We are used to an easy fix. Quick entertainment. Quick results. “Hard work? No! We're entitled to easy! In fact, we don't even need Church. It's too hard and boring.” But if that is what we think, then it is a sure sign that either the parish is not offering the fullness of the faith (which is rare but does happen) or that we ourselves have all but lost – through our own neglect - our ability to experience God at all.

So how do we prepare?

It's not really about being “good”, at least not in the way that we think about about it. That's like taking a test. “How did I do this week”. “I had a good week”. Go through the list. It's not about that kind of evaluation, it's about holiness (being “perfect as God is perfect” - Matthew 5:48). Holiness is not an attribute that we can ever have on our own. It only comes from our proximity to God, from the extent we have allowed his uncreated energies, his Grace, to reside in us and change us.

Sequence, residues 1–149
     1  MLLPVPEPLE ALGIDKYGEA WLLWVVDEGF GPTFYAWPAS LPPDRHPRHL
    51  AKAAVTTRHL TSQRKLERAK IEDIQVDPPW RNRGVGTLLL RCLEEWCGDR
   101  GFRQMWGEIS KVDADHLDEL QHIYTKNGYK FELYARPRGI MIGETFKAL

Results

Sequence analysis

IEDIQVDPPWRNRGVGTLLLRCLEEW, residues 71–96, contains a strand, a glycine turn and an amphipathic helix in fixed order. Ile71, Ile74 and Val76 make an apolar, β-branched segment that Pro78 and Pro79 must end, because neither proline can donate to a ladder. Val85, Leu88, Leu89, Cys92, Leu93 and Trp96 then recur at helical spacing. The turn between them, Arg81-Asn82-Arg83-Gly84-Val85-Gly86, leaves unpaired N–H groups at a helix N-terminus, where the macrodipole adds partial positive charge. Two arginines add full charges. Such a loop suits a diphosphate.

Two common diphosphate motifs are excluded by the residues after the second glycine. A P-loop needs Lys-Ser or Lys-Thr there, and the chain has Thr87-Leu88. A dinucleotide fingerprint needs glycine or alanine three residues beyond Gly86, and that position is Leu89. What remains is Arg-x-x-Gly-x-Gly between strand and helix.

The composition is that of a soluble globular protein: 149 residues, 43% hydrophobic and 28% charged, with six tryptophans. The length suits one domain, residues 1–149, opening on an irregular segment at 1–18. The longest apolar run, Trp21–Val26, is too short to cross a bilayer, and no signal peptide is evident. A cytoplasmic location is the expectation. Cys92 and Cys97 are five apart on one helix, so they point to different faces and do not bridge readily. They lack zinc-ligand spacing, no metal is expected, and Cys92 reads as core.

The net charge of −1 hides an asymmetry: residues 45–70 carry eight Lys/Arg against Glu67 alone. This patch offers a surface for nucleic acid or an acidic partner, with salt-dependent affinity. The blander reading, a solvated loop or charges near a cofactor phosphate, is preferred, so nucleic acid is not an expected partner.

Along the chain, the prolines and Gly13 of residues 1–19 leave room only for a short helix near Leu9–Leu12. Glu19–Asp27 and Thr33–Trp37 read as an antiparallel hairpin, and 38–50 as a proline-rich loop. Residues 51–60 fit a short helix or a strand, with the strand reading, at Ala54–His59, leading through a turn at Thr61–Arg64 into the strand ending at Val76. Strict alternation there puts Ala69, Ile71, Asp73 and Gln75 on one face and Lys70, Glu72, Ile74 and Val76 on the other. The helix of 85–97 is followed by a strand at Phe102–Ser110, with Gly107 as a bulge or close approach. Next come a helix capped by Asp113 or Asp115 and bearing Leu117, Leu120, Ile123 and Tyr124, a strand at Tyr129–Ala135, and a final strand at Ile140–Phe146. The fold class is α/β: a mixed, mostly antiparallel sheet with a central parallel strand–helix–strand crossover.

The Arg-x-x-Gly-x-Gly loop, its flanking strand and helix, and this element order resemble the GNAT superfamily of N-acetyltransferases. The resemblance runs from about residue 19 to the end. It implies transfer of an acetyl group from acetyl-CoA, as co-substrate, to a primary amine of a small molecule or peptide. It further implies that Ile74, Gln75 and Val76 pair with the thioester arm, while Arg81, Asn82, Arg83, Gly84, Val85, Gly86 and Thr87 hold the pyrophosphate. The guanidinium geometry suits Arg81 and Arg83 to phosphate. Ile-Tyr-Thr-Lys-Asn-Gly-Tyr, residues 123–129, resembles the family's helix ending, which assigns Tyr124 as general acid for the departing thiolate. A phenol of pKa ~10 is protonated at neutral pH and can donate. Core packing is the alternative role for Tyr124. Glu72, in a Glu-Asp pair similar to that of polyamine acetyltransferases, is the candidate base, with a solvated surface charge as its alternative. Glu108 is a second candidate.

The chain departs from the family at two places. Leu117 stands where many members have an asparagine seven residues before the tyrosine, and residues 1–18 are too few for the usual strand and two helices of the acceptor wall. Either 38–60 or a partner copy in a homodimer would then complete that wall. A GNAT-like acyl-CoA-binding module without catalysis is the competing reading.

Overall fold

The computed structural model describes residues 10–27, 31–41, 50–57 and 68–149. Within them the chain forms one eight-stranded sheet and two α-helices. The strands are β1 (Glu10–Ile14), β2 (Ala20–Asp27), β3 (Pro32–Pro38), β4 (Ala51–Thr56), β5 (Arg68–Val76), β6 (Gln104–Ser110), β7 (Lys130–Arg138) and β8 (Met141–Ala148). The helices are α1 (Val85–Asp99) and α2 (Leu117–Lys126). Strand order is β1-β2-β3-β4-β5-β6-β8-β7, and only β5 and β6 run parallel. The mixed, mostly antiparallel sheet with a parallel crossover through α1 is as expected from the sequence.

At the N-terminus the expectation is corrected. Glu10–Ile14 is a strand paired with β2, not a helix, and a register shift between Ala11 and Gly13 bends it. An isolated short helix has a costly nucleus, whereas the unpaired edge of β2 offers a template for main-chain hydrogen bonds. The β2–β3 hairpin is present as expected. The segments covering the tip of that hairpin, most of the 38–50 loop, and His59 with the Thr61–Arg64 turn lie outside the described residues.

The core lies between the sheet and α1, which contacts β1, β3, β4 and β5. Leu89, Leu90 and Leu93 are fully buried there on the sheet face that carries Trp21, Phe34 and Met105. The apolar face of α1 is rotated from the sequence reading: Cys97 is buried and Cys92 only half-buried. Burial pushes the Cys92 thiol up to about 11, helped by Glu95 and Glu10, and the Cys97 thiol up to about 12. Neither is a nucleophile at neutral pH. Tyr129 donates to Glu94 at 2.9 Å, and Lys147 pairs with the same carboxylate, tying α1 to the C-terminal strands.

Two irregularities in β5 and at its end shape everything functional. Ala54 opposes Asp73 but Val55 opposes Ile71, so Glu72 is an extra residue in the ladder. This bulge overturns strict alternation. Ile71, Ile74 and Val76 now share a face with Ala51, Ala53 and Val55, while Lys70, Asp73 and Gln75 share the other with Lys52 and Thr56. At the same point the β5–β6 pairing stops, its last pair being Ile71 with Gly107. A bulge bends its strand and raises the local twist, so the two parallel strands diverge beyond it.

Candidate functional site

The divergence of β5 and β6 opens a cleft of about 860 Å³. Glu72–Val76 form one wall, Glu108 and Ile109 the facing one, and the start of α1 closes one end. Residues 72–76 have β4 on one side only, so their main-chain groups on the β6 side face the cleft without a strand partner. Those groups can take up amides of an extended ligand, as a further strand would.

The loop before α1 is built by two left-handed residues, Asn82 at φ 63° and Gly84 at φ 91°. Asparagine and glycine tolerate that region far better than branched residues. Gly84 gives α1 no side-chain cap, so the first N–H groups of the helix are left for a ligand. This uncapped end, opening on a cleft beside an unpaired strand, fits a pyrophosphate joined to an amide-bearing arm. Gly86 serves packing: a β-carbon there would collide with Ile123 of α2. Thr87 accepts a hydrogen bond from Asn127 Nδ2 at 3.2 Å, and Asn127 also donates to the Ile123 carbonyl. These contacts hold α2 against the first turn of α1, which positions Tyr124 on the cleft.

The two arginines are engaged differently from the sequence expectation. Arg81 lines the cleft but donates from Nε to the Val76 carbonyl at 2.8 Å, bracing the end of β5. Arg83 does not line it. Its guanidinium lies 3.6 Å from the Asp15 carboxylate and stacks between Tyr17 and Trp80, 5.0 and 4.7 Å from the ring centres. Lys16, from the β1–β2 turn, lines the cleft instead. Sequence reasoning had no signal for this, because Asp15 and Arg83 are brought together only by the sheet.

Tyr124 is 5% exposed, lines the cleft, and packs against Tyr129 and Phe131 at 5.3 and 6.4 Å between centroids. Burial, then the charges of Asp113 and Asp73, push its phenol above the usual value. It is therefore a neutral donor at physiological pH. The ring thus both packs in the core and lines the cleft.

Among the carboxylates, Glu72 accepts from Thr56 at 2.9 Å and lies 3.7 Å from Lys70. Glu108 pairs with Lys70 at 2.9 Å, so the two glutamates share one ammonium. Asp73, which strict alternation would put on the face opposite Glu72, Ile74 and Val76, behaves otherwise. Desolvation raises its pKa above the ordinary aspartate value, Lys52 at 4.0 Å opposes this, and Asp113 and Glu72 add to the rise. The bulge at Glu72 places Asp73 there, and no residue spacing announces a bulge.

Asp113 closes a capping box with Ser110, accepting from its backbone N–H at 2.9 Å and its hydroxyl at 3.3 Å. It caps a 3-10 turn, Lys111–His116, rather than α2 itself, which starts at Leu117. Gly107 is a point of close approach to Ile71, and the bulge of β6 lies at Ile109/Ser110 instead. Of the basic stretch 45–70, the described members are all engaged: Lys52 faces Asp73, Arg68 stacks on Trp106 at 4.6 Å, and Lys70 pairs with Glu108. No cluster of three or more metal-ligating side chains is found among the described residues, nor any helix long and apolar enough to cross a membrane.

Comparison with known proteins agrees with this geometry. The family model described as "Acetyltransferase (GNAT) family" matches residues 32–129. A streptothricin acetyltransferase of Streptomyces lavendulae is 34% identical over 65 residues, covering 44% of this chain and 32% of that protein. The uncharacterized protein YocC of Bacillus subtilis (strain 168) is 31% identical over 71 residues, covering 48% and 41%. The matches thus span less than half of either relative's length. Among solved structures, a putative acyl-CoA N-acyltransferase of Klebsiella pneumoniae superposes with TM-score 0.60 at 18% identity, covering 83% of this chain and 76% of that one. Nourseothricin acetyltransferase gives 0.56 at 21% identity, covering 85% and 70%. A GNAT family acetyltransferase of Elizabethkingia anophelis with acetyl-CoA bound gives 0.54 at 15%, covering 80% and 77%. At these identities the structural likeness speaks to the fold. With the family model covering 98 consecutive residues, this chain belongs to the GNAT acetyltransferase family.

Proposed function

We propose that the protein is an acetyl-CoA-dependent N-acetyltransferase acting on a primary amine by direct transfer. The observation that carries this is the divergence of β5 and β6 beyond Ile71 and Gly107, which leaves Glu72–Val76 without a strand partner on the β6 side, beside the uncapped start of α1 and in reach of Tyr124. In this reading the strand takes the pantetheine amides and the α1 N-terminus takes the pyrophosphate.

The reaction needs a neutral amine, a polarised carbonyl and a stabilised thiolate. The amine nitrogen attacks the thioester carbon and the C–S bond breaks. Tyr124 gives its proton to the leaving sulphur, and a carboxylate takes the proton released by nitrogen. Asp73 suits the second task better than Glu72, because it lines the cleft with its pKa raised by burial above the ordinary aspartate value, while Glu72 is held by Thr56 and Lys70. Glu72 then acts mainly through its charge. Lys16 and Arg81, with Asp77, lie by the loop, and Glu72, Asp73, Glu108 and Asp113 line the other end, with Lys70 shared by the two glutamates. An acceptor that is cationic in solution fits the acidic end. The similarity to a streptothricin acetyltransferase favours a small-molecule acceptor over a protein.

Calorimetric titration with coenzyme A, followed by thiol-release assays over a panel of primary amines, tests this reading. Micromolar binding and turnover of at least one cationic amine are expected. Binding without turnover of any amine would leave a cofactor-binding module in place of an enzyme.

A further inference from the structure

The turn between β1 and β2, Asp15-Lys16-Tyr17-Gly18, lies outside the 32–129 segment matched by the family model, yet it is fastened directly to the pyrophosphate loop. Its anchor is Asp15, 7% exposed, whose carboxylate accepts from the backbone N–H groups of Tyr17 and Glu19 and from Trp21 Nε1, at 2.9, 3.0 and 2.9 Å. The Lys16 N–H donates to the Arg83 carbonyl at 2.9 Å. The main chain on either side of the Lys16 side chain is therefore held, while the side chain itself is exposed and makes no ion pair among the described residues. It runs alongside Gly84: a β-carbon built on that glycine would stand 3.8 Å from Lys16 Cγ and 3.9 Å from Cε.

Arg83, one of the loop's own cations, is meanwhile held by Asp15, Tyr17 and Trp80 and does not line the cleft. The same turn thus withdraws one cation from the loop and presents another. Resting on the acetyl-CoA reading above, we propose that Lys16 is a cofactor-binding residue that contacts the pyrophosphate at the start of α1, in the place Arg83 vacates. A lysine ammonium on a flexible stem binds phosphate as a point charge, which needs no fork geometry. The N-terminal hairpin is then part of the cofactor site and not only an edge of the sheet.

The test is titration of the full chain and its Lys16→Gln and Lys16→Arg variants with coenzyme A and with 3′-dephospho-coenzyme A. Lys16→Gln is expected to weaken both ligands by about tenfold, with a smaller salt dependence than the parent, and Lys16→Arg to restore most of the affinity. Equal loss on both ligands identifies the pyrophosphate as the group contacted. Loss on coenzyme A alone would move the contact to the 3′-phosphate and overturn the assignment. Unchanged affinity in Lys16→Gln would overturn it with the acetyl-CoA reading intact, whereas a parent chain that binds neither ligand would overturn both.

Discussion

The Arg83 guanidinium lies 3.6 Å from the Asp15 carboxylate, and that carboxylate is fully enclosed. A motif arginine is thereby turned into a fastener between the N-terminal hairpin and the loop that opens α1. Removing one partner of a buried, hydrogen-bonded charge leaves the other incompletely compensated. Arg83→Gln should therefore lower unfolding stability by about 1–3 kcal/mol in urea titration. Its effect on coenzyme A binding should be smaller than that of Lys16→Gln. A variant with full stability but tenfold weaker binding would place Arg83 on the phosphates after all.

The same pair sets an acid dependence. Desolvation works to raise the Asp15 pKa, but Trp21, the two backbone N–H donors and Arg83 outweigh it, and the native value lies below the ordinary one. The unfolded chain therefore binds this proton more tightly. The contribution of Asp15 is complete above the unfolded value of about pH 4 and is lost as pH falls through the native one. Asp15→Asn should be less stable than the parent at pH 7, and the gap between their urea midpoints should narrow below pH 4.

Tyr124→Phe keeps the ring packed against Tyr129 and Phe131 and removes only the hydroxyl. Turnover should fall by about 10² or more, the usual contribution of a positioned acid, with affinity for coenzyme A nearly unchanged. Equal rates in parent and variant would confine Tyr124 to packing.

This requires that we refuse to have dealings with things, ideas, and actions that would distance us from God AND that we continually renew our connection with him through attentiveness, gratitude, and prayer.

If we have worked on this all week, then when we come to Liturgy on Sunday, we are ready to really experience Him in and with us; we will be transported to heaven just as He comes to us on earth; and we will truly have become his sons and daughters.

This is the requirement of belief in today's Gospel and this is how God works through that belief to save us.

Direct download: Homily_on_Holiness_and_the_Experience_of_God.mp3
Category:Orthodox Podcast -- posted at: 12:46pm EST